Four Ex-Students Want to Keep JET – Yet we need to hear from more!

A few months ago, an article about the debate on the benefits of the JET Programme caught my eye.

On July 27, 2010, The Japan Times published an article as part of the response to the JET Programme being called out as part of the massive budget review.  In this article, four students speak about their experiences with JET teachers, in a favorable way.  In the section of the article presenting the case against JET, the articles states: “[JET participants] have usually enjoyed their stay, but their effectiveness in improving the English language ability of their students was never quantitatively measured and, given Japanese students’ performances on international English tests, is questionable at best.”  I don’t disagree with this statement, as there is has been a lack of quantitative measurement of the impact of JET and this is something that JET alumni should strive to change.

Still, even without quantitative measurement, hearing from more students can begin to show the benefits of the program.  Hearing from 4 students as presented in the article just isn’t enough.  Fortunately, JET alumni, such as Christiana Aretta with her site 100 English Dreams, have started sharing words from their students about their experiences with JET teachers.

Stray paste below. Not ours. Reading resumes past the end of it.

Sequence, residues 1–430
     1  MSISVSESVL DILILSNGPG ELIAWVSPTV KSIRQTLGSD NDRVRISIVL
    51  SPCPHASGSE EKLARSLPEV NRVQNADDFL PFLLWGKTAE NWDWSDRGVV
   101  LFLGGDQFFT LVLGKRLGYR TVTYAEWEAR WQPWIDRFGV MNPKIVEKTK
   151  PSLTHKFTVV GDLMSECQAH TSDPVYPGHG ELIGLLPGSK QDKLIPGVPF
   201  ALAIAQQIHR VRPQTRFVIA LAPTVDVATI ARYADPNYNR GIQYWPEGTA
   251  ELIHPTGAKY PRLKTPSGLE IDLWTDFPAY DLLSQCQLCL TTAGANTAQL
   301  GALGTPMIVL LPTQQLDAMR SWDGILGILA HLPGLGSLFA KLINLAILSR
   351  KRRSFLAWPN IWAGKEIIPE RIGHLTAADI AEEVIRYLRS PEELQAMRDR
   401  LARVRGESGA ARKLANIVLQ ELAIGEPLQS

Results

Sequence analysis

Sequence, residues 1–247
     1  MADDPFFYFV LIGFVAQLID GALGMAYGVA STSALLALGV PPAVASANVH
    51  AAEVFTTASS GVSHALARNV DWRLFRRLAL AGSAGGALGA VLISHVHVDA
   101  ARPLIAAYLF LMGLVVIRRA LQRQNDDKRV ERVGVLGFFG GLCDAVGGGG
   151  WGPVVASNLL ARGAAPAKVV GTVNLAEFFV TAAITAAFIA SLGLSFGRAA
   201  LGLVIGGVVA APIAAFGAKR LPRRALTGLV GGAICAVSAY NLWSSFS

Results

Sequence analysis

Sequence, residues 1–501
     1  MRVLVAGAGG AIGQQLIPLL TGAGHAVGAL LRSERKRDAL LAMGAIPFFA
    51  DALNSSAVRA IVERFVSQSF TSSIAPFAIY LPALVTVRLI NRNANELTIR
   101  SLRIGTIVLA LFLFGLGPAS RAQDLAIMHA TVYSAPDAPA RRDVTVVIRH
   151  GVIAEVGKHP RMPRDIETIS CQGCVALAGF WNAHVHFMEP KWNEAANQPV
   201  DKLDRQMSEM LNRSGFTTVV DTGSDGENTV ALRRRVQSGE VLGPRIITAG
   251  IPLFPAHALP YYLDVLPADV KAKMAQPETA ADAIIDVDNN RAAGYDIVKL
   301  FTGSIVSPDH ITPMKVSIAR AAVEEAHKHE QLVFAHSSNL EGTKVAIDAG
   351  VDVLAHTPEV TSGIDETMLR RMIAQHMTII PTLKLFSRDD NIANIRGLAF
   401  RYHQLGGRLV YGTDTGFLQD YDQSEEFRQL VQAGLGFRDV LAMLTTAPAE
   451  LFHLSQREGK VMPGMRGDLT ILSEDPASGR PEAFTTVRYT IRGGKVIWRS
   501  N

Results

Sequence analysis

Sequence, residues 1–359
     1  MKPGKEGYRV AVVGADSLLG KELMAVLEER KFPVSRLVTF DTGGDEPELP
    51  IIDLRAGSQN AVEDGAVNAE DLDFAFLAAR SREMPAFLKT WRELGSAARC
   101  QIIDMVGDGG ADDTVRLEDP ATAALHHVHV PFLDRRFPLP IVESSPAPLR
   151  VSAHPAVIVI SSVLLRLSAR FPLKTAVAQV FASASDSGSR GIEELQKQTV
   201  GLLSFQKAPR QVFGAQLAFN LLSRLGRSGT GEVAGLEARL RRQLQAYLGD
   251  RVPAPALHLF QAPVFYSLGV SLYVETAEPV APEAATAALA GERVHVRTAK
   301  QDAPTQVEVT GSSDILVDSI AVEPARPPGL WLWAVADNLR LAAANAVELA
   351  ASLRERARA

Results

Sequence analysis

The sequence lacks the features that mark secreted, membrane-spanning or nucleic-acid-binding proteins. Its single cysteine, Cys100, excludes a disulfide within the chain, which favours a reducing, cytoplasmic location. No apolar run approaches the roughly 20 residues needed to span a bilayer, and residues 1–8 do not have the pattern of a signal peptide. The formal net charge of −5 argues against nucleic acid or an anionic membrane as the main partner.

Ever since I saw the article mentioned above, I have been wanting to share the words from some of my students.

I taught at an all girl’s high school.  On my last day of teaching my 3rd grade (12th grade USA equivalent), I gave my students 10 minutes to write me goodbye letters, in English.  These are students I taught Oral Communication (OC) to the previous year.  In OC class we took a very different approach than the other English classes.   The wonderful teacher who was my partner in this class and I thought that the most important thing we could teach our students was that communication is the purpose of English.  To that end, OC class focused on speaking and communicating ideas.  While we did grade for grammar on writing assignments, many assignments focused on leaving embarrassment behind and not being afraid to make mistakes.

Here are a few of the letters the students in this class wrote to me (all grammar and spelling is their own):

Natsumi:

I didn’t like English before.  But because of OC class, I like English now.  I enjoyed that skit, school introduction, speech, and so on.  It makes me happy.  I will study English more, and will be good speaker.

Kumiko:

I have very good time with you in [school name].  When I met you first, I couldn’t speak to you.  But now, I can do!  Gradually, I know you, I want to speak more!  In the future, I want to go and live in Hawaii.  Then I want you and your husband to visit my house.  I will certainly buy condominium.  I will send e-mail!  (If I have free time!).

Mari:

I wanted to talk about a lot of things with Bahia, but I couldn’t.  I’m really sad.  Thanks to OC classes, I can speak English better than I did.  Bahia’s class is very interesting, and I enjoyed it.  I want to speak English much better, so I will study English hard.  I take an entrance examination.  I’ll do my best!!  Thank you very much for teaching English.  Goodbye.